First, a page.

Runyon Foundation names fellows from Harvard

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The Damon Runyon Cancer Research Foundation has named six Harvard affiliates among its 13 new fellows. The recipients of this prestigious, three-year award are outstanding postdoctoral scientists conducting basic and translational cancer research in the laboratories of leading senior investigators across the country.

Harvard’s 2009 Damon Runyon Fellows:

Research fellow in biological chemistry and molecular pharmacology at Harvard Medical School (HMS) Jason Michael Crawford (with his sponsor Jon Clardy), is developing DNA-based methods to discover novel compounds from microbes — such as bacteria and fungi — toward the development of improved anticancer therapeutics.

Postdoctoral fellow in chemistry and chemical biology William J. Greenleaf (with his sponsor X. Sunney Xie) is developing highly sensitive fluorescence assays that will allow observation of single molecules of individual enzymes, providing insight into how cellular machinery may malfunction in cancers.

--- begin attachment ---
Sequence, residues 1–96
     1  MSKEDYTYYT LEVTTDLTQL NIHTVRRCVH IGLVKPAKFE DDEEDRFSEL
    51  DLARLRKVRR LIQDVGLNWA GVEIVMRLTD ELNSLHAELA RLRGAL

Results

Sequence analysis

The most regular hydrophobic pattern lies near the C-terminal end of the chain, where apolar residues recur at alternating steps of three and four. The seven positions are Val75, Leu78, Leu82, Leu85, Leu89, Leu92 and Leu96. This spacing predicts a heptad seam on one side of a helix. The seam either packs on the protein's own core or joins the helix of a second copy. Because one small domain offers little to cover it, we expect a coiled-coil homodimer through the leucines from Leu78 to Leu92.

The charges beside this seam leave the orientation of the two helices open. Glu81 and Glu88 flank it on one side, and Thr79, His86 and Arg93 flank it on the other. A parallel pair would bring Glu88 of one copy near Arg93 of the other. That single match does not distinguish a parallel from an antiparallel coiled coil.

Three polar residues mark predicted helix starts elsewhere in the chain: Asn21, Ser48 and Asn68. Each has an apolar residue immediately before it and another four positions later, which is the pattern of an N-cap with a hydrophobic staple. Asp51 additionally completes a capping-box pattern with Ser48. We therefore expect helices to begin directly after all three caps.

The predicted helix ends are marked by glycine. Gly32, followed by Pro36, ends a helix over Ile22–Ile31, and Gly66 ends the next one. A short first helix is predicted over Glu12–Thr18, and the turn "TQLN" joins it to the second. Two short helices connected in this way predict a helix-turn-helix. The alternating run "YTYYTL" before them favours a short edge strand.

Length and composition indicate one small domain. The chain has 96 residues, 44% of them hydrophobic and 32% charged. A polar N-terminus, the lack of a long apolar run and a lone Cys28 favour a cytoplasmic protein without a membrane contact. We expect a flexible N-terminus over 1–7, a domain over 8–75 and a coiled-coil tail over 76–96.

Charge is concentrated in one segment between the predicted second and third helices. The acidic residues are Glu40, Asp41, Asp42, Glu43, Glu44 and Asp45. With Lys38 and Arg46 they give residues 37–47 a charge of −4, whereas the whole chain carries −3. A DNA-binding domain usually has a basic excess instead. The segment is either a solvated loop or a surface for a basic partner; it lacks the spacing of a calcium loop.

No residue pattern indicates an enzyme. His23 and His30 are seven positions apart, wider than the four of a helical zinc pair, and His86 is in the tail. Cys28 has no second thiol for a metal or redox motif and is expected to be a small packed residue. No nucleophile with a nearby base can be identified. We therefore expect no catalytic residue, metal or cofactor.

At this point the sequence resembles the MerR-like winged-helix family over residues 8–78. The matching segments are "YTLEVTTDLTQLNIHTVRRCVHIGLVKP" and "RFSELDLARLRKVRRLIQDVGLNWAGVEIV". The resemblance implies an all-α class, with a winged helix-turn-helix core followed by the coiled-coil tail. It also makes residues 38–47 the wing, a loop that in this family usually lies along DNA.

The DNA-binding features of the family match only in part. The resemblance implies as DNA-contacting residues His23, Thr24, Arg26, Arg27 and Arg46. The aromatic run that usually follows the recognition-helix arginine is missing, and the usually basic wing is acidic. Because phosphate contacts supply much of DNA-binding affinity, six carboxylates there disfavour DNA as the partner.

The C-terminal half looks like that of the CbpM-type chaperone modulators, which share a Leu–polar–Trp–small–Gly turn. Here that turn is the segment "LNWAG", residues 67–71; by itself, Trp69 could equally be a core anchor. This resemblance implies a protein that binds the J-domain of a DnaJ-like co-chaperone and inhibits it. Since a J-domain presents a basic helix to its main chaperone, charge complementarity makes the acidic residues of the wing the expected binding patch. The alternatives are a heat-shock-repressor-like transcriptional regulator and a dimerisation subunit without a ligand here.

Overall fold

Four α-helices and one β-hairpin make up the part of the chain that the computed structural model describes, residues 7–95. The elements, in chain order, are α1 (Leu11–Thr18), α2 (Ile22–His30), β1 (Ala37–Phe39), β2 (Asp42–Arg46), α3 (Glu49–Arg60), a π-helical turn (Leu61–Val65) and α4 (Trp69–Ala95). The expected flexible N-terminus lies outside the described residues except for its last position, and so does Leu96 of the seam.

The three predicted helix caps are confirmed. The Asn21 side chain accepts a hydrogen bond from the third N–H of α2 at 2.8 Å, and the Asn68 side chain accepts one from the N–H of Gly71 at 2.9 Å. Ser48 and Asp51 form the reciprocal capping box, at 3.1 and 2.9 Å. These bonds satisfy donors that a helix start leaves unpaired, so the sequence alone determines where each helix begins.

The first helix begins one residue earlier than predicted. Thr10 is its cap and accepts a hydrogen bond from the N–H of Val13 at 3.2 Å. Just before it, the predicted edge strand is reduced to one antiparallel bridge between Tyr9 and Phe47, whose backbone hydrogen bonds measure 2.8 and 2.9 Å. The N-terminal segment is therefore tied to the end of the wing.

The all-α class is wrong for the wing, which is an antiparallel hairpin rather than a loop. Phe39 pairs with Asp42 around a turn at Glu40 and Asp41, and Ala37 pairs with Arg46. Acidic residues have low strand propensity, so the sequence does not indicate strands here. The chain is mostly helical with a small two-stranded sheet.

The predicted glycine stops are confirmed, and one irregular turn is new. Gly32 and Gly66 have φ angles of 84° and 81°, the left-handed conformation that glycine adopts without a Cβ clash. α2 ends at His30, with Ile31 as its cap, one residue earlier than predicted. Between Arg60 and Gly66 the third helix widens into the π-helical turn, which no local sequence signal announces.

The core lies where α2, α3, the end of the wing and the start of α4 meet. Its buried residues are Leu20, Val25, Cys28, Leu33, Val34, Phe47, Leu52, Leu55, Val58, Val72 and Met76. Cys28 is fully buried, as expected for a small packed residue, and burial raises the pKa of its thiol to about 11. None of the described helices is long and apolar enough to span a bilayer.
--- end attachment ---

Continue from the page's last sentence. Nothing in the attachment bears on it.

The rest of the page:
Research fellow in biological chemistry and molecular pharmacology at HMS Simon Jenni (with his sponsor Stephen C. Harrison) is studying the structure of kinetochores, protein complexes that mediate the segregation of chromosomes during cell division. The research will provide a firmer foundation for understanding cancer and will identify potential avenues for anticancer therapies.

Research fellow in genetics at HMS Young Kwon (with his sponsor Norbert Perrimon) is aiming to discover new regulators of the insulin signaling pathway that keep the pathway “in check” during cellular growth. As multiple negative regulators of insulin signaling are already known to function in tumor suppression, this study may lead to the identification of new tumor suppressor pathways.

Research fellow in pathology at Massachusetts General Hospital Ken S. Lau (with his sponsors Kevin M. Haigis and Douglas A. Lauffenburger) is working to identify new protein networks that interact with the oncogenic Ras signaling pathway, which is rewired in more than half of colorectal cancer cases. Targeting these new interactions in combinatorial therapy may become an effective way to manage this deadly disease in the future.

Research fellow in medicine at HMS and Brigham and Women’s Hospital Xu Tan (with his sponsor Stephen J. Elledge) is studying the role of the BRCA1 gene, which has been linked to familial breast cancer. His goal is to identify genes that act in concert with BRCA1, which could explain the specific effect of BRCA1 mutations on breast tissue carcinogenesis.

The fellowship is specifically intended to encourage the nation’s most promising young investigators to pursue careers in cancer research by providing them with independent funding to work on innovative projects. The Damon Runyon Cancer Research Foundation has committed more than $200 million to support the careers of cancer researchers across the United States since the program’s inception.